Two recent cases have confirmed that a genuine volunteer does not have the protection of the law on discrimination or unfair dismissal.
In X v Mid Sussex Citizens Advice Bureau, the claimant was a part-time unpaid volunteer with Mid Sussex Citizens Advice Bureau (CAB), working under a volunteer agreement which was expressly stated to be "binding in honour only" and not to be a contract of employment. She was asked to cease to attend the CAB as a volunteer, and brought a claim on the grounds that she was discriminated against because of her disability.
The EAT struck out her claim holding that volunteers are not protected by either the DDA or the European Framework Directive. Her position was not covered by the definition of "employment" because of the lack of a legally binding contract, nor did the prohibition on discrimination as regards "occupation" extend to cover voluntary workers. The EAT held that "occupation" refers to qualifications and professional requirements needed for access to employment or promotion. Further, the EAT held that the claimant was not a "worker" in terms of the DDA or the Directive. In the claimant's case, there were insufficient obligations on the parties to create the mutuality of obligation that is a fundamental element of an employment relationship.
The principles in the case extend to discrimination on all other grounds.
In Roberts v Salvation Army, the tribunal held that it did not have jurisdiction to hear an unfair dismissal claim from a former Salvation Army officer whose agreement with the Salvation Army specified that there was no intention to create a legally binding relationship. Captain Roberts signed an agreement which stated that he gave himself "in response to the call of God and of my own free will to the work of the Salvation Army". The agreement also provided that the parties' relationship was spiritual, not legal, no contract of service was created and the parties had a genuine intention to avoid any legal rights and obligations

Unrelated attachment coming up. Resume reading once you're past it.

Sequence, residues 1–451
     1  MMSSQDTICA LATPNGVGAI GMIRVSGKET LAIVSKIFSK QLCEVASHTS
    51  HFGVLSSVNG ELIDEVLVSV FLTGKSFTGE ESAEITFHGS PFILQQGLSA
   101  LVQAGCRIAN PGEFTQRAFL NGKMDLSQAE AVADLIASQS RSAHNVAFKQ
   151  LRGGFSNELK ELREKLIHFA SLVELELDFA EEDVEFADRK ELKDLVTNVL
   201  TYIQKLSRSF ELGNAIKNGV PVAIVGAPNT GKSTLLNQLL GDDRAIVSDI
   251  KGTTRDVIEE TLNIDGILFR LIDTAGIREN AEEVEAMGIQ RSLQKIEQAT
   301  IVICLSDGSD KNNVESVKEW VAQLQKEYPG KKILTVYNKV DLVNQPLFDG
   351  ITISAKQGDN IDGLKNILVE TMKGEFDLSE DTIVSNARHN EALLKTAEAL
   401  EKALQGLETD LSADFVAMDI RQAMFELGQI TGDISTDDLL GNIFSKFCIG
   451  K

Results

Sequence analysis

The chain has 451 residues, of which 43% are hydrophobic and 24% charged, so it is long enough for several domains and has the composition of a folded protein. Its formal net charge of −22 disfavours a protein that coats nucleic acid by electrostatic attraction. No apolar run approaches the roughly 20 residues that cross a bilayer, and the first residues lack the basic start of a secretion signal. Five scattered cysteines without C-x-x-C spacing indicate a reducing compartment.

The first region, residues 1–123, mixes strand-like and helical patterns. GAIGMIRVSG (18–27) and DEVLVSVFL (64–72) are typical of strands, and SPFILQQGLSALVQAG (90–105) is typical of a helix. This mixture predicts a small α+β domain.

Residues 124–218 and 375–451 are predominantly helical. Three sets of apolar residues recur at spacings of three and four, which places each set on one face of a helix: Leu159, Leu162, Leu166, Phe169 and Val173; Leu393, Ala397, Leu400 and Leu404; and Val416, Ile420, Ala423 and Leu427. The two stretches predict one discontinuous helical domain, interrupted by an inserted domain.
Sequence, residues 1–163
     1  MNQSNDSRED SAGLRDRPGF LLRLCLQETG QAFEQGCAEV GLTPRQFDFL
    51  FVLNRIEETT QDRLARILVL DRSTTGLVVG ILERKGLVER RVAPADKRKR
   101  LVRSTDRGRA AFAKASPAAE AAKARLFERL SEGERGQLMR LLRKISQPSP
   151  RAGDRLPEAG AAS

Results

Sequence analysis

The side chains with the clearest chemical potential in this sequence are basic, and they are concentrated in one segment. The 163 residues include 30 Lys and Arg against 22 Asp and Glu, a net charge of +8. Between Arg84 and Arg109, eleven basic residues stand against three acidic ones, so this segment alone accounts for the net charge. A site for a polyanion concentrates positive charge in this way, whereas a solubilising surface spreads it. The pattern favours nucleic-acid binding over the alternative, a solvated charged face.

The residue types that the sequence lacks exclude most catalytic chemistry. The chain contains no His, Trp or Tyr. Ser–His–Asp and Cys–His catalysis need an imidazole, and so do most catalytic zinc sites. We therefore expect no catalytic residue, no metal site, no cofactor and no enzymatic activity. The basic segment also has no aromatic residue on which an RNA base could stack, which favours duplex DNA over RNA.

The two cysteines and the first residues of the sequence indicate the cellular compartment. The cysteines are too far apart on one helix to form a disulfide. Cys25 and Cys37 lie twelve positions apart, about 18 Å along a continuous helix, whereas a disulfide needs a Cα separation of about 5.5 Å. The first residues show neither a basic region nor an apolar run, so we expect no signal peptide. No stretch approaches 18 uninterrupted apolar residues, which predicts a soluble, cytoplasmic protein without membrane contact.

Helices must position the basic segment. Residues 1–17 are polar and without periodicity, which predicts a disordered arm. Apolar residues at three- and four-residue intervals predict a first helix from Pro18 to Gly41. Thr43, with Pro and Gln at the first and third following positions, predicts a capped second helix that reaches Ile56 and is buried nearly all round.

Impact on employers
- These decisions will come as a relief to the many organisations that rely on volunteers (it is estimated that approximately 1.75 billion volunteer hours were worked in 2007/08 in the UK).
- However, it should be noted that the decisions are limited to volunteers without legally binding contracts.
- Volunteers who contract personally to do any work may be protected from discrimination by virtue of being workers or even employees.
- Charities and other organisations that rely on volunteers should review their current practices and documentation in relation to the use of volunteers. Two areas of concern in particular are the termination of volunteer arrangements and the preparation of relevant documentation so that the volunteer is not elevated to the protected status of worker or employee.